Olympian Krystsina Tsimanouskaya has said officials from Belarus "made it clear" she would face punishment if she returned home, after accusing team officials of trying to force her to leave the Tokyo Games early.
“They made it clear that upon return home I would definitely face some form of punishment,” the 24-year-old told the Associated Press in a videocall interview.”
“There were also thinly disguised hints that more would await me.” She added that she believed she would be kicked off of the national team.
The stand-off began after Tsimanouskaya’s criticism of how officials were managing her team set off a massive backlash in state-run media back home.
The runner said on her Instagram account that she was put in the 4x400 metres relay even though she has never raced in the event.
Her public criticism of the officials resulted in them taking to her to Haneda Airport in Tokyo, on August 2, for a short notice flight back to Belarus via Istanbul—but she refused to board the plane.
Instead, she sought protection from local police, and a stand-off ensued between Belarusian officials, police and the athlete.
Later that day, after offers of refuge from a number of countries, Tsimanouskaya was seen entering the Polish embassy in Tokyo, where she subsequently received a humanitarian visa.
Belarus has come under increased global scrutiny lately for its crackdown on human rights, including freedom of expression, especially since a disputed presidential election in 2020.
Just last month, Human Rights Watch documented widespread abuses—including harassment and detentions—by Belarusian authorities against journalists, activists and critics. And now, it appears, vocal athletes.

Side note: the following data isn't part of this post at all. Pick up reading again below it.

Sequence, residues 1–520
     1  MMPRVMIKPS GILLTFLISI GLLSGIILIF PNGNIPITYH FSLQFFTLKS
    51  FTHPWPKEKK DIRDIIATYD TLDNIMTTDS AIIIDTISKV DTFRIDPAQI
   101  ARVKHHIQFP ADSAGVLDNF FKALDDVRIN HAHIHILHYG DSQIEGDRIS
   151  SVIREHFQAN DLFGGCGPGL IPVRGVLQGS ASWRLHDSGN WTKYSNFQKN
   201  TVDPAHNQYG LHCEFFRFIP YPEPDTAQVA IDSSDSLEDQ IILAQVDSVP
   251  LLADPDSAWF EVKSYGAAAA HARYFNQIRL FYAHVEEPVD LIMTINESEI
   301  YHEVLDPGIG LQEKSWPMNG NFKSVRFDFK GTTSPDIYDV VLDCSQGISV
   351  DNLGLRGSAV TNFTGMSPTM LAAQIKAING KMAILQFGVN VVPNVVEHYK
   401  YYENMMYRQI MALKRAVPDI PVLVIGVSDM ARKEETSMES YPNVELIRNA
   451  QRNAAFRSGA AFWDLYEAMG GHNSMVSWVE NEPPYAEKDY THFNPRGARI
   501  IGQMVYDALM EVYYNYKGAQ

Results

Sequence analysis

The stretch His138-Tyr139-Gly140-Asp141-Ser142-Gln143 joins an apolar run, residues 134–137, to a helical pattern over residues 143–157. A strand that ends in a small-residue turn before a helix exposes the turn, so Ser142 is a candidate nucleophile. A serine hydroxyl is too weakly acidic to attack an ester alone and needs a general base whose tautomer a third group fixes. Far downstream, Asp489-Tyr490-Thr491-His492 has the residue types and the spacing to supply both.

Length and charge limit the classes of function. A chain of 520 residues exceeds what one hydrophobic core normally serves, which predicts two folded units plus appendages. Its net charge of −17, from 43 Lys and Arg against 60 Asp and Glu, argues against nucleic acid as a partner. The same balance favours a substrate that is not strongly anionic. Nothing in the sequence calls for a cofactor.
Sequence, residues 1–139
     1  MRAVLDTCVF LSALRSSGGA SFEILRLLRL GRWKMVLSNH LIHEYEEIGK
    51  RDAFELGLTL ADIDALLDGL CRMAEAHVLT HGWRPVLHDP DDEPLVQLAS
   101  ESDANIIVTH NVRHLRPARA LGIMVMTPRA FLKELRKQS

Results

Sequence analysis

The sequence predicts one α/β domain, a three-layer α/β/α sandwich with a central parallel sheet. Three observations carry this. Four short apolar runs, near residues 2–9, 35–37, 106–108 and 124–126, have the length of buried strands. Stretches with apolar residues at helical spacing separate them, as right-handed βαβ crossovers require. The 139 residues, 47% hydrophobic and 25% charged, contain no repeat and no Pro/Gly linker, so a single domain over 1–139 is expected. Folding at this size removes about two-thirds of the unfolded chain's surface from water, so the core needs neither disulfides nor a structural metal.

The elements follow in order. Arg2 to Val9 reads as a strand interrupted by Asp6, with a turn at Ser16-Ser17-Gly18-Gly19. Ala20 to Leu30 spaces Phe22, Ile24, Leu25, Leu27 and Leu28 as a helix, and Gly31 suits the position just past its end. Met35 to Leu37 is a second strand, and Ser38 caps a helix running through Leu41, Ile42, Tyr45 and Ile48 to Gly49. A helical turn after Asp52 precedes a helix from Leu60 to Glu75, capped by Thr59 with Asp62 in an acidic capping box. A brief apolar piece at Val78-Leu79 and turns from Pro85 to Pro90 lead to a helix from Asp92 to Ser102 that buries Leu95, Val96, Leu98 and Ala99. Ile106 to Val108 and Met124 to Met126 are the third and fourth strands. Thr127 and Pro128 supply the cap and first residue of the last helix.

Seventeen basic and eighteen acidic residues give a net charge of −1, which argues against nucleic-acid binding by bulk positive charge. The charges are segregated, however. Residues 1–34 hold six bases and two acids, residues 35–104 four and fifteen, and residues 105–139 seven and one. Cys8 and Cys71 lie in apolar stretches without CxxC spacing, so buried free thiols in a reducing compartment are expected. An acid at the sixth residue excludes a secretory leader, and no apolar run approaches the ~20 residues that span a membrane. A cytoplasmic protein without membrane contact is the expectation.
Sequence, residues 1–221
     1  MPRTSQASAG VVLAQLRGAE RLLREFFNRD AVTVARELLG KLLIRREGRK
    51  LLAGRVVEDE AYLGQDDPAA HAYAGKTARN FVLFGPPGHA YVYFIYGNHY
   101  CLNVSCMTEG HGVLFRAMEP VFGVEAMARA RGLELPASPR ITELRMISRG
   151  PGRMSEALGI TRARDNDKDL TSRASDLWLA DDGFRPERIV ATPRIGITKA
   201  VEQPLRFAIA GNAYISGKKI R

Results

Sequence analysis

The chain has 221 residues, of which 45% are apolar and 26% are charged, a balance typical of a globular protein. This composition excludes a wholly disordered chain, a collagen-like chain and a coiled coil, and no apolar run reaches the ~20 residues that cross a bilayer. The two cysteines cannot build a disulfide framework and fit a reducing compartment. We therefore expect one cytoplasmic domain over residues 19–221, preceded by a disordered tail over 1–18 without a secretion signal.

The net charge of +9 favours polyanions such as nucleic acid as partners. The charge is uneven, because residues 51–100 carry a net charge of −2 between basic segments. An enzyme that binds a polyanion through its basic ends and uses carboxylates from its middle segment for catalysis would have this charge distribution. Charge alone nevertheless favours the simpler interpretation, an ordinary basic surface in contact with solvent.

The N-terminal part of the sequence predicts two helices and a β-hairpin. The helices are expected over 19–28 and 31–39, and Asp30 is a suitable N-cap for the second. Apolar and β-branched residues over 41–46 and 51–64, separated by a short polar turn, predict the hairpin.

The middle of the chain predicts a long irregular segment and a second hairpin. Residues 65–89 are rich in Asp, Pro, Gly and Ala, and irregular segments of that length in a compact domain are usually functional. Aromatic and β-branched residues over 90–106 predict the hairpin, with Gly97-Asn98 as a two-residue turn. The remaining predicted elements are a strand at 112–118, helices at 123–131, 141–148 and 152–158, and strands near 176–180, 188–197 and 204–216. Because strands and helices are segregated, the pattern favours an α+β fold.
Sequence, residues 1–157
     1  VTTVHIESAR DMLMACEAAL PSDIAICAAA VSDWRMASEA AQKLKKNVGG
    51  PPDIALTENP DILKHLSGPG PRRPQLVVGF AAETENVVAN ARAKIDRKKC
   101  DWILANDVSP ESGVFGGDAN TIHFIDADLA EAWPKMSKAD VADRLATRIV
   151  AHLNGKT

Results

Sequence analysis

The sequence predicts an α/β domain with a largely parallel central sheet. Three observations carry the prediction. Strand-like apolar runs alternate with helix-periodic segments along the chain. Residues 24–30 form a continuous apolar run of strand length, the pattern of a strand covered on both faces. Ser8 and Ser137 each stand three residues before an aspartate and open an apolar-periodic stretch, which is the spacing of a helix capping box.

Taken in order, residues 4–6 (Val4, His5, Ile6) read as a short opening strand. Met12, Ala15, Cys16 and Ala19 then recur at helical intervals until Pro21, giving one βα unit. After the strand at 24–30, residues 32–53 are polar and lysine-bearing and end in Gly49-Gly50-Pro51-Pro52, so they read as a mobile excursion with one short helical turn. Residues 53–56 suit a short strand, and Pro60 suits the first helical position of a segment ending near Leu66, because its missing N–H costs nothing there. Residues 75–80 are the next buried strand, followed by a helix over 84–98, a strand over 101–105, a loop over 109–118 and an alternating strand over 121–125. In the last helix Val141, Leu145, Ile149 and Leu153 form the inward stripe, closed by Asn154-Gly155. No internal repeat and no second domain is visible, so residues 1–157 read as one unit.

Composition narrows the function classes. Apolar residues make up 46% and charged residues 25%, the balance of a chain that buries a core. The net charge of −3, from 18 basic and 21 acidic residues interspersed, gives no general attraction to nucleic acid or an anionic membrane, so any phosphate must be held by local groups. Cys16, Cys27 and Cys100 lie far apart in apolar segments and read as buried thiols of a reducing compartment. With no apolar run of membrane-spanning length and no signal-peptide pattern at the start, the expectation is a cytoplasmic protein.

Tsimanouskaya’s case for refuge received a boost on Monday. In a voice recording shared online by advocacy group Radio Free Europe/Radio Liberty (RFE/RL), Belarusian officials are heard making veiled threats against the athlete.
She, meanwhile, is heard sniffling, as if she had been crying. In the translated transcript of her comments, she’s heard saying, “I think this won’t end with anything good for me.”
Responding to Tsimanouskaya’s case, a United Nation’s spokesperson, Stephane Dujarric, said: “What is important is that everyone who asks for protection, for refugee status, is afforded that opportunity... The Japanese authorities have done what they can to protect her, and I think that is the most important part. No one should be forced to go home under threat or under force.”
Despite her Games being appended, Tsimanouskaya, in an interview reported in the AP, sounded optimistic: “For now, I just want to safely arrive in Europe . . . meet with people who have been helping me and make a decision what to do next,” the AP reported her as saying.
“I would very much like to continue my sporting career because I’m just 24 and I had plans for two more Olympics, at least,” the AP reported her saying. “(But) for now, the only thing that concerns me is my safety.”
However, her Instagram page, the same platform that she used to voice her original criticism of Belarusian officials, appears to have been wiped clean of any images, posts or comments.
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